Regulators Neglected to Stop Oil and Gas Wastewater Contamination in West Virginia Creek

The United States Geological Survey recently released a scientific paper on water contamination in a West Virginia creek. USGS says that the findings demonstrate water contamination in Wolf Creek, in Fayette County, “due to activities at an unconventional oil and gas wastewater deep well injection disposal site.”

This paper came right on the heels of another that studied the water quality of this same stream.

Together, the papers found elevated levels of sodium, chloride, strontium, lithium and radium, as well as endocrine-disrupting activity in the water that is high enough to block some hormone receptors and lead to adverse health effects in aquatic organisms.

Fortunately, the studies have gotten a lot of press attention. Although there has been a slowdown in fracking in the last year or so, there is never a slowdown in oil and gas waste production. Waste, such as produced water, is generated throughout the life of a wellfor decades. So even when new drilling is in a lull, waste keeps increasing—for generations to come.

NRDC is outraged at this contamination, but not shocked. This contamination comes from a site that we have been working to shut down since 2013.

And the local community has been trying to close this site for many years prior to that, filing complaints since 2004, with private residents paying for soil and water tests to prove contamination. But state and federal regulators have not taken sufficient action to clean up this site. While the West Virginia Department of Environmental Protection did order the operator of the site to make some changes, there’s no evidence that the operator complied with most of the orders, and the DEP never enforced its own orders despite numerous violations. The operator, who leases the land, was never forced to comply with the law.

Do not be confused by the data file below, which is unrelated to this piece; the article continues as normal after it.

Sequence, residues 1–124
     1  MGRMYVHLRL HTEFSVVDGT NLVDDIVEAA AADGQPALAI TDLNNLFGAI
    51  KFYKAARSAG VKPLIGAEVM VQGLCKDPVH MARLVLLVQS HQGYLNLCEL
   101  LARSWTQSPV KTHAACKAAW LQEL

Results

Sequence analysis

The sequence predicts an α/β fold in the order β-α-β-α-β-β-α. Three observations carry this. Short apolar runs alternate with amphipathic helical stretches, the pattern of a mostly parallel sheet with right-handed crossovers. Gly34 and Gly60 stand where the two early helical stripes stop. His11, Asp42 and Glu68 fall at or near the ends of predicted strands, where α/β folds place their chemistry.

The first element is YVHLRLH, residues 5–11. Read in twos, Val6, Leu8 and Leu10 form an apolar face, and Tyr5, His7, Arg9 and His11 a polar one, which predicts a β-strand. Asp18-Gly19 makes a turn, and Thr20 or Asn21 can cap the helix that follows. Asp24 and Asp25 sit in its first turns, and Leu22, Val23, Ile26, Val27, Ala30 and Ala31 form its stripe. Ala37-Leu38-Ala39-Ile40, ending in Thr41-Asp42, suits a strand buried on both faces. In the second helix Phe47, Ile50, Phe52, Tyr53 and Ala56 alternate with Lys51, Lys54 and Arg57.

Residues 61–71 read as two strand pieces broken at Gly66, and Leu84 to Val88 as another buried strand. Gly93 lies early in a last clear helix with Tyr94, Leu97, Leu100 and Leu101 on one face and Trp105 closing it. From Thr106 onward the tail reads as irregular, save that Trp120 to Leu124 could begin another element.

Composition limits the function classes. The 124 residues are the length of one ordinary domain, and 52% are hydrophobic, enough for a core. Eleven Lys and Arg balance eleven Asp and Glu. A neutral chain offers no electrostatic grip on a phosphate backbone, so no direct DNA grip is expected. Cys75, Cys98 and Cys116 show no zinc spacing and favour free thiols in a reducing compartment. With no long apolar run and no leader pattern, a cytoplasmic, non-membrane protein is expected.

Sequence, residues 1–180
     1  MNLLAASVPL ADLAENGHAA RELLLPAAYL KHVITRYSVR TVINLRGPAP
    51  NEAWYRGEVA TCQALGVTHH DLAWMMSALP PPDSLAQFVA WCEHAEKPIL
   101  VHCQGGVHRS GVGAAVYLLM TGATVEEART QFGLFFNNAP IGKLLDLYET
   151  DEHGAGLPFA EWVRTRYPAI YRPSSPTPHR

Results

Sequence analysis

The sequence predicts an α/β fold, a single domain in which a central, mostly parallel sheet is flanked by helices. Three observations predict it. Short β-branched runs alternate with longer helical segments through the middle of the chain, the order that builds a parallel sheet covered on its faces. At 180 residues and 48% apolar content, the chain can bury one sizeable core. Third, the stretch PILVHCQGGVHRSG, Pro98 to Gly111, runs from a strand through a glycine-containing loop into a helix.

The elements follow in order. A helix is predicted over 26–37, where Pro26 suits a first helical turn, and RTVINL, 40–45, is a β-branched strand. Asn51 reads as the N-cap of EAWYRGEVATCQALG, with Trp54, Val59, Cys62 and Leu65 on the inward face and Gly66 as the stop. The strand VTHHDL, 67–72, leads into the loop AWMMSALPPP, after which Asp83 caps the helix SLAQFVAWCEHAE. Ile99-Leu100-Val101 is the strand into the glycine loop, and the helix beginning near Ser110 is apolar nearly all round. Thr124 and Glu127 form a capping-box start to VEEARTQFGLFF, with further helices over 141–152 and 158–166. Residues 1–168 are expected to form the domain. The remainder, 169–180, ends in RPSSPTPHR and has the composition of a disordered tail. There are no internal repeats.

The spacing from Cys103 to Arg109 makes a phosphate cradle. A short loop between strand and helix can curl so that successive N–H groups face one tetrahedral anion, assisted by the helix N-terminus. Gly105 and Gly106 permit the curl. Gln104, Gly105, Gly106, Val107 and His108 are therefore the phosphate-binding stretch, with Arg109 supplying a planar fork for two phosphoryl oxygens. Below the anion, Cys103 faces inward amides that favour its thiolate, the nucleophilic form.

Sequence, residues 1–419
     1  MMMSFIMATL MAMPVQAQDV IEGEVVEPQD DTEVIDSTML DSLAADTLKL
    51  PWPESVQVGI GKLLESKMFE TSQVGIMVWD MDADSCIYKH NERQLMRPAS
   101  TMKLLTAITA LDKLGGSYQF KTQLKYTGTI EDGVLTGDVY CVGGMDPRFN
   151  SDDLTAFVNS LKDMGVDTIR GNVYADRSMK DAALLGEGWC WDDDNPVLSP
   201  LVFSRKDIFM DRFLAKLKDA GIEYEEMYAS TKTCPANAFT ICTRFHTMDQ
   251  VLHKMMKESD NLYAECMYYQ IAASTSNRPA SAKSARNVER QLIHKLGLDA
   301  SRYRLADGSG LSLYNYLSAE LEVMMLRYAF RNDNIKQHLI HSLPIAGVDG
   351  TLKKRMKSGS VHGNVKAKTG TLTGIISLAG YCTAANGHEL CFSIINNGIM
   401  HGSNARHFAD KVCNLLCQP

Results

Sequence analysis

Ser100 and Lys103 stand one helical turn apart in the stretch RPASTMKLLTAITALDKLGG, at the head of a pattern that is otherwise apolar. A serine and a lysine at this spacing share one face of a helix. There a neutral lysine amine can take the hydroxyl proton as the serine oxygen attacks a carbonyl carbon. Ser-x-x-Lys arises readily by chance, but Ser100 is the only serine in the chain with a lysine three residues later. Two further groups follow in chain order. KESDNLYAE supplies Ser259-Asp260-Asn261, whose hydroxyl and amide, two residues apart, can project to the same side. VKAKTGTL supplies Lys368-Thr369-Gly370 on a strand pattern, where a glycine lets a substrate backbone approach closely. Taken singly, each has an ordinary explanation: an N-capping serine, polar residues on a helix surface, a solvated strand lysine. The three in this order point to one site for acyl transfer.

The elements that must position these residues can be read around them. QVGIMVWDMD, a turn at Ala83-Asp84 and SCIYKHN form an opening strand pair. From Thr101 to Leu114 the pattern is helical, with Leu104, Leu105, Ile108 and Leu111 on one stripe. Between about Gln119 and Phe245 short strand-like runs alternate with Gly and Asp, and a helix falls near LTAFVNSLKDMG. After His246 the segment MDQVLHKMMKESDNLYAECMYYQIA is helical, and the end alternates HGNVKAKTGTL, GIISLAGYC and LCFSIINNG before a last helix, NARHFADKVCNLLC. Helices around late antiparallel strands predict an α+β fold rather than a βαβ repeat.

Community residents asked the US EPA for help in 2013, and we wrote to US EPA in 2014, asking the agency to step in to stop the unauthorized and illegal injection of oil and gas wastewater occurring at this West Virginia site in Fayette County. Although we provided detailed evidence of legal violations at the site, it has been allowed to continue operation.  In 2014, working with local partners, we appealed to the West Virginia Environmental Quality Board. Water testing analyzed by Duke University at the time found elevated levels of chloride, bromide, sodium, manganese, strontium, and barium—a chemical composition typical of oil and gas wastewater in West Virginia—and inconsistent with acid mine drainage, so could not have been caused by coal mining operations in the area.

The EQB later found that DEP actions were “inconsistent with the law.” Instead of shutting down the site, however, DEP moved to issue a new permit despite ongoing and numerous violations—such as not complying with rules for mechanical integrity testing, water monitoring, and more. A former worker at the site also testified at a hearing that the operator conducted unpermitted activity at the site.

The National Park Service also wrote to the DEP in 2015, asking the agency to shut down the site due to a long-term pattern of violations, neglect, and inadequate oversight, because the contaminated creek is a tributary of the New River Gorge National River. More than 70,000 acres of land along the New River are in a national park.  Tourism is one of the main economic drivers for the County where the creek is located, and excellent water quality is essential for protecting the river, and the nearby national parks.

The USGS says that it was not able to determine if the water contamination has been caused by the two injection wells at the site, or the open air waste pits. There have been numerous violations at each over the year. We’ve asked the state and EPA to determine the cause of the contamination, but that has never occurred. We’ve been told that the pits have been closed and cleaned up, which is a good thing, but if the injection wells are causing contamination, it is certainly not enough.

Fayette County has now passed an ordinance to ban oil and gas waste disposal within its borders, but we’re not shocked that industry is suing to try to stop it.

Thanks to the USGS and the scientists from Duke and the University of Missouri for conducting this important research. And thanks to the owners of the property—because of the ongoing risk and violations, the owners of this property are now suing to have the site shut down.

But no thanks to WV DEP or US EPA for allowing this contamination to occur—and possibly to continue—for much too long, leading to dangerous levels of contaminants in Wolf Creek.

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